These later works came as each director is given 10 minutes to capture time. Wim Wenders reincarnated the idea into a series of 10 minute short snapshots. Not all are in English (or have subtitles) as a search on sites such as youtube shows. The original film and the later ones have seldom been shown together.

In Ten Minutes Older: The Cello there were eight directors, visions and creative capturing of a single topic.

The creators and segments were:

  • Bernardo Bertolucci ("Histoire d'eaux") – an Indian’s story of a mentor’s impatience. 
  • Mike Figgis ("About Time 2") – a continuation from a previous work of Timecode. 
  • Jirí Menzel ("One Moment") – the aging of Rudolf Hrusinsky. 
  • Isvan Szabo (“Ten Minutes After")
  • Claire Denis ("Vers Nancy") – a discussion between student and teacher about time 
  • Volker Schlöndorff ("The Enlightenment") – images on racism. 
  • Michael Radford ("Addicted to the Stars") – Life goes on in an astronaut’s life 
  • Jean-Luc Godard ("Dans le noir du temps") – a fragment of tiles looking at youth, death and love. 

Ten Minutes Older: The Trumpet was a second part to the project.

Directed by:

  • Aki Kaurismäki ("Dogs Have No Hell") – A man gets out of jail and travels to Siberia to find a wife. 
  • Víctor Erice ("Lifeline") – a family of Spanish farmers try to help a sick infant. 
  • Werner Herzog ("Ten Thousand Years Older") – A look at the Uru Eus tribe, a South American people believed to be the last indigenous people on earth. 
  • Jim Jarmusch ("Int. Trailer. Night.") – a film actress takes a break in her trailer. 
  • Wim Wenders ("Twelve Miles to Trona") – a dazed, ill young man travels through a barren desert trying to find a doctor. 
  • Spike Lee ("We Wuz Robbed") – A look at how Al Gore’s assistants and supporters reacted after the Florida vote counting scandal.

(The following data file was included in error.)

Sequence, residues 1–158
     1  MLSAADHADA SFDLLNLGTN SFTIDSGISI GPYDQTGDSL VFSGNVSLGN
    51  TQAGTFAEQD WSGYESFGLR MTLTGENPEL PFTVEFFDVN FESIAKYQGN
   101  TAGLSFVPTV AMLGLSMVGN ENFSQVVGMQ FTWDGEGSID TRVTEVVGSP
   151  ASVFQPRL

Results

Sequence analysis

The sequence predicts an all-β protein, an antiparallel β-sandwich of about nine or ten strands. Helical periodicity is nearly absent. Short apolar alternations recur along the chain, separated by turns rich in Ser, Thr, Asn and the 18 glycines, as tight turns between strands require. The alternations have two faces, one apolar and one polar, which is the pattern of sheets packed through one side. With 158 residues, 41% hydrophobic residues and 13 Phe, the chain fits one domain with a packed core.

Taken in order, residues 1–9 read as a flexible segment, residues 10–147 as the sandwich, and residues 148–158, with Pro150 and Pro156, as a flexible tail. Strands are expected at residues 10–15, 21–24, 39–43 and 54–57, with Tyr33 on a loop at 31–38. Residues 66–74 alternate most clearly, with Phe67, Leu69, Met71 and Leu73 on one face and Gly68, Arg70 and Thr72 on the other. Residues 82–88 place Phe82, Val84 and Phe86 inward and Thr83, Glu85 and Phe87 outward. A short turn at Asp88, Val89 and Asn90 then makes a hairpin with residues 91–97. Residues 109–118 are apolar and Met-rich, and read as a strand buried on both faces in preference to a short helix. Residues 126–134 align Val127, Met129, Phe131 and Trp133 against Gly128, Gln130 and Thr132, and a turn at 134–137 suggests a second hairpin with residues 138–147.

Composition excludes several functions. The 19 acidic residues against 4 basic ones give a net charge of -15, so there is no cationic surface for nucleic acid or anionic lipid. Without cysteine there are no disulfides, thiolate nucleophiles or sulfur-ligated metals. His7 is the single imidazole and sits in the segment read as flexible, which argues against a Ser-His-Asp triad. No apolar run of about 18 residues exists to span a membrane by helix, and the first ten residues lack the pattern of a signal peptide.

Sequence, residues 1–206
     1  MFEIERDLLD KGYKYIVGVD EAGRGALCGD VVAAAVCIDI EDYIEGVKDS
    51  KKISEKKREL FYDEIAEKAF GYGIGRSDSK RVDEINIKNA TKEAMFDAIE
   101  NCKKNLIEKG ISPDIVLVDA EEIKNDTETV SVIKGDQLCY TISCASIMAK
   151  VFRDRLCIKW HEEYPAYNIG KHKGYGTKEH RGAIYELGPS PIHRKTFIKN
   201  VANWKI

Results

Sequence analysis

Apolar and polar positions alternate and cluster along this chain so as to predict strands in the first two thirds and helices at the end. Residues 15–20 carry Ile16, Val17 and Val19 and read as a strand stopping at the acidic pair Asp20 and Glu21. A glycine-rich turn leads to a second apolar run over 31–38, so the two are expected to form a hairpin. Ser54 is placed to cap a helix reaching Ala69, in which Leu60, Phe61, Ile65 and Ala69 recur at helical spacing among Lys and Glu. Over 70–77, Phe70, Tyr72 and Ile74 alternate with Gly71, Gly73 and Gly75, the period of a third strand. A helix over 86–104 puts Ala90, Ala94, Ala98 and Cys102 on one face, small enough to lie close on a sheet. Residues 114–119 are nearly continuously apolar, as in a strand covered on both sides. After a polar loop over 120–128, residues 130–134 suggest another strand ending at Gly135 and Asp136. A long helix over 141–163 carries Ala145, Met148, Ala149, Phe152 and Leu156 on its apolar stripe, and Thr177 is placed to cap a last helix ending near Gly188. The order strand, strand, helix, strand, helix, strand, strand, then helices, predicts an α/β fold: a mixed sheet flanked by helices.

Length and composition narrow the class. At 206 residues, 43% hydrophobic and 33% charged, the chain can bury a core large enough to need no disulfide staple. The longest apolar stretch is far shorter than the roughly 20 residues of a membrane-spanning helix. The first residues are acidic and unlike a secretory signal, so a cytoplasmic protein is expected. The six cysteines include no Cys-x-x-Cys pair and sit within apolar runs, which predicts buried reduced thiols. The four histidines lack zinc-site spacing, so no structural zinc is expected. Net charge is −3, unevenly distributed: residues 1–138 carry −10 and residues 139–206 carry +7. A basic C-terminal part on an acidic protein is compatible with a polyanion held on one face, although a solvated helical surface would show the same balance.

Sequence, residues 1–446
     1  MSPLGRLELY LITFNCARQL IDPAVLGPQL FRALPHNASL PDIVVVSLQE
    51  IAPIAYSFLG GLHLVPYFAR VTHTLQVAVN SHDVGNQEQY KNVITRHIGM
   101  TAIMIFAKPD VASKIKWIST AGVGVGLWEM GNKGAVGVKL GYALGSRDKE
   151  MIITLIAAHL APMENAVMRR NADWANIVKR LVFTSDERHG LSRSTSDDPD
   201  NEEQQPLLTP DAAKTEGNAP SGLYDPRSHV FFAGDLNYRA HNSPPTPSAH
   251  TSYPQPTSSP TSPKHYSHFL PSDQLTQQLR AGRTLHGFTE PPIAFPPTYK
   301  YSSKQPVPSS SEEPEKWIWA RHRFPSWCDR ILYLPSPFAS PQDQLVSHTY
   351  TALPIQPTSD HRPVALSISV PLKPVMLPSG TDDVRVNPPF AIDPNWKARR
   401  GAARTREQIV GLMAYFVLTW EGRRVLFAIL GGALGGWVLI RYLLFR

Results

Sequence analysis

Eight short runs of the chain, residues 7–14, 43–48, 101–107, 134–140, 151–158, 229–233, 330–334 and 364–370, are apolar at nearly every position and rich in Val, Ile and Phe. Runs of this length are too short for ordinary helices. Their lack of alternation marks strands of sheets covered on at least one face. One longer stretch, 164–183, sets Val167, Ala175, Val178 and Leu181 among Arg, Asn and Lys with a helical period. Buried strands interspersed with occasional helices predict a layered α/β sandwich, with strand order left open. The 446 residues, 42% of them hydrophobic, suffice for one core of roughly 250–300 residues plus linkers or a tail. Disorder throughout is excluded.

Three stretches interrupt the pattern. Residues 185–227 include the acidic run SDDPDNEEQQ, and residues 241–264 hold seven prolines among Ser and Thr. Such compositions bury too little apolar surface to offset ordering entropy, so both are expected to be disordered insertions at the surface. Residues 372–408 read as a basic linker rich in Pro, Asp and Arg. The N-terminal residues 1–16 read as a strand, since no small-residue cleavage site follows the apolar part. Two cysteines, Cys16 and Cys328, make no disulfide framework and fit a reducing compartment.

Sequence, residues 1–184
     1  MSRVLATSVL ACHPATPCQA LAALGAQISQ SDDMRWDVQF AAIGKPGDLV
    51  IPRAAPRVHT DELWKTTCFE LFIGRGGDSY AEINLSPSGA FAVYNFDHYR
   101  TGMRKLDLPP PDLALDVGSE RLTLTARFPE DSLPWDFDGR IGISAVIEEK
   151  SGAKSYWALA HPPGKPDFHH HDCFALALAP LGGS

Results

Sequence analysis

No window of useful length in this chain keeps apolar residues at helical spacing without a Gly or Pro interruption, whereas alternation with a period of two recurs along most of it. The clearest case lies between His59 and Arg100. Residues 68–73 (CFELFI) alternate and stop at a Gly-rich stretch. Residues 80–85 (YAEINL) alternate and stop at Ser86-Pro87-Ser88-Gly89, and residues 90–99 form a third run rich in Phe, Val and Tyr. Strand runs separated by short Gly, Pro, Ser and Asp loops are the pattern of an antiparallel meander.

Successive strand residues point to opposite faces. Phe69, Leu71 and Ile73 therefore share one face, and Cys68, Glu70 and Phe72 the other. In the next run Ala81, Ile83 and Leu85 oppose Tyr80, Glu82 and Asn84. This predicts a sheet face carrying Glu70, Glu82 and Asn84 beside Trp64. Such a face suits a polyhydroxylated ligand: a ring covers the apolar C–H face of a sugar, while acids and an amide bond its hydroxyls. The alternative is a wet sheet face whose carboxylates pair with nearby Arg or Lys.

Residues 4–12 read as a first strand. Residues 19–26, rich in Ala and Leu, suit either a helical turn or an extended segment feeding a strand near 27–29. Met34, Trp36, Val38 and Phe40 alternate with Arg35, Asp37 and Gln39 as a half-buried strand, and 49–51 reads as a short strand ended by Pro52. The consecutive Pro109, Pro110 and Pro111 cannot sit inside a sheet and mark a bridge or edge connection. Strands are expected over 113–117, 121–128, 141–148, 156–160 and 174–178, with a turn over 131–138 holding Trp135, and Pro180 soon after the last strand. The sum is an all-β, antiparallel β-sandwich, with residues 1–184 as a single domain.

• Chen Kaige ("100 Flowers Hidden Deep") – an delusional elderly man is seeking help moving his furniture from a vacant lot that used to have his home on it. 

The following that the films have created gets the perspective. This isn’t a “normal movie” in some ways but rather a creative effort that gives several short stories to generate people to not just sit and watch but react, think and absorb life.

With the innovation of today this brings forward a range of presentations. For example, in Michael Radford’s “Addicted to the Stars” he returns to Earth much as a pilot after a long flight. Once on the ground he finds he has aged 10 minutes. The world around him has gone on from greeters that aren’t human to the child he knew being an old man. The idea of walking anywhere is considered outdated. What happens when the world goes on without us? There are many films that have approached the time subject but not from this perspective.

Further it’s not just one perspective…each film has multiple perspectives in that there are multiple talents given the challenge to portray time. The result is thought provoking and engaging enough that you want to watch it again.

Check it out for other views of time!